Multinational conglomerate General Electric reported earnings results today, almost meeting earnings forecasts while free cash flow topped expectations sending shares up by 6.3%. GE’s earnings fell 62% to 8 cents per share, as compared to the same quarter last year, just one penny less than what analysts expected.
For revenue, Wall Street expected a hit of 19% to $21.27 billion while it fell only 16.5% to $21.9 billion. Total orders plummeted 3% to $23.2 billion while organic orders were down 3%. GE Power’s revenues didn’t change much from last year at $5.38 billion.
Aviation revenues tumbled 35% to $5.85 billion due to the pause of Boeing Co’s 737 MAX jets, which uses GE’s engines, and the weak consumer demand for passenger aircraft. The division’s orders slumped 41%, pushing overall profits down by $1.5 billion to $564 million.
Industrial revenue plunged 13% in 2020.
Wall Street Focuses On Free Cash Flow
However, Wall Street is more concerned about GE’s free cash flow (FCF). FCF measures a firm’s ability to repay creditors and monitors the health of the firm. Industrial cash flow climbed to $4.4 billion in the quarter, 12% up compared to the same period last year. The results were almost double as compared to analysts’ and GE’s own predictions of $2.6 billion and $2.5 billion, respectively for the quarter. The full-year cash flow was reported $606 million.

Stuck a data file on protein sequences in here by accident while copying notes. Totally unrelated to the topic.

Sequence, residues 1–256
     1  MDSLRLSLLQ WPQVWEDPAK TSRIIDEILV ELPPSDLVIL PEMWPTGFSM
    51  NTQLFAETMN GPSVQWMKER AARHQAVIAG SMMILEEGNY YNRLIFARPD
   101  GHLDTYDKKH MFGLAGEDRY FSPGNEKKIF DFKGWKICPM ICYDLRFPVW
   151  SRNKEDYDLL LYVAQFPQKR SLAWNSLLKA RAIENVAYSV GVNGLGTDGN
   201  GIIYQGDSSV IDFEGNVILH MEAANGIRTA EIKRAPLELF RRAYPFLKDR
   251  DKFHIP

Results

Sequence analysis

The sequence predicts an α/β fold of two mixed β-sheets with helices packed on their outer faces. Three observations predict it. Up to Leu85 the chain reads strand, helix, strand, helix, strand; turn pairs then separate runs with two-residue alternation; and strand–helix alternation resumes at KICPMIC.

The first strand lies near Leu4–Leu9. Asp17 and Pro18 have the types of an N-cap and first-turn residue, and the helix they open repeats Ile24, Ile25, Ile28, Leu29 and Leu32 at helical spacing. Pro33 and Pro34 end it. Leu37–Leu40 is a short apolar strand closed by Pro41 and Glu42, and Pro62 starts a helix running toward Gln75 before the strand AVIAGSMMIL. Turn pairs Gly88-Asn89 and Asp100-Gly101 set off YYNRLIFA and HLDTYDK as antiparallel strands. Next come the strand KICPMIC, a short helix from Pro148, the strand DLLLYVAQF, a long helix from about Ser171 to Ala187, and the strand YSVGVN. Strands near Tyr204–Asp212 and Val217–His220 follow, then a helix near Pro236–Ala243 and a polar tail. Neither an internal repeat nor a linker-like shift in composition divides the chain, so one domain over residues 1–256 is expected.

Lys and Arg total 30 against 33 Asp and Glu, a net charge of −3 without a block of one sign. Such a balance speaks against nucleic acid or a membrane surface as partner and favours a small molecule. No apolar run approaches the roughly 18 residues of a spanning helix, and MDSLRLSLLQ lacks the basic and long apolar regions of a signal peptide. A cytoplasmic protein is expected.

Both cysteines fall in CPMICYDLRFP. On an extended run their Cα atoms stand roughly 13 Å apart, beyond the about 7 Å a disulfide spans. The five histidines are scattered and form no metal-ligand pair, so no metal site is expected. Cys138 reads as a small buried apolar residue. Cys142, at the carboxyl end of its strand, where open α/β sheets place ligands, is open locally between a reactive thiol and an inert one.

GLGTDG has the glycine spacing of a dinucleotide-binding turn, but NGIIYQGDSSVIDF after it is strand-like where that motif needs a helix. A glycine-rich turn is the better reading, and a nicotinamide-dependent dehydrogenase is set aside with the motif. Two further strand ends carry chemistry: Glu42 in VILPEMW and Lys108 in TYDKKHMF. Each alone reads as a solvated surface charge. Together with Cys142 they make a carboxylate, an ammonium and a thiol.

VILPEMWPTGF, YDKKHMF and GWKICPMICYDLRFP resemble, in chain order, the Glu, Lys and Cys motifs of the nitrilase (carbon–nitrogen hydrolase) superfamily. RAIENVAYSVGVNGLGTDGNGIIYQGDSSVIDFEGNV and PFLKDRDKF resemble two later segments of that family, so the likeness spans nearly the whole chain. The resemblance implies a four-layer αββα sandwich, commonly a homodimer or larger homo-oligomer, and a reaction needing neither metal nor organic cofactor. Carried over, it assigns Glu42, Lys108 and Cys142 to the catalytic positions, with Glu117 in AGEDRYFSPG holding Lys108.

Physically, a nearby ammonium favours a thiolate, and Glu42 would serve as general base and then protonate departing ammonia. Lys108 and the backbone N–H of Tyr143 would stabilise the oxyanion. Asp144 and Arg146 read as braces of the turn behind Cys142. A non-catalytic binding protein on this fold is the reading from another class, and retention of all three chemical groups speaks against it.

In Q3, FCF declined 21% to $514 million compared to the same period last year. It was still an improvement as compared to the outflow of $4.3 billion in the first half of the year.
Larry Culp’s Efforts
The impressive earnings results show that CEO Larry Culp’s turnaround plan is progressing. Culp took control in 2018 and has been trying to enhance GE’s FCF and reduce debt. However, his plan was hindered by the abrupt hit taken by the aviation division fueled by the pandemic. Aviation stands as the company’s most profitable unit, generating the most cash.
Despite the shock, Culp worked to reduce costs by $2 billion and took other measures to save around $3 billion in cash in 2020. The conglomerate announced last month that it has pre-funded $2.5 billion in minimum pension payments over the next three years and repaid a $1.5 billion loan to GE Capital.
Analysts predict FCF of $3.03 billion for 2021 while GE expects to see it in the range of $2.5 billion and $4.5 billion. The Boston-based conglomerate announced its expectation of adjusted earnings for 2021 to be between 15 cents and 25 cents per share compared to 1 cent last year. Organic industrial revenue is forecasted to climb in the low single digits.
Aviation Expected To Be Flat
Aviation revenue is estimated to remain flat in 2021 as it substantially relies on the speed of recovery in commercial air traffic and the time of aircraft deliveries. Fortunately, GE’s key customer Boeing Co’s 737 MAX jets have returned which will improve the unit’s performance.
GE shares rocketed 10.3% in premarket trading following the earnings release to indicate an opening bell price of $12.12 per share. The climb would extend the stock’s six-month gain to about 80%.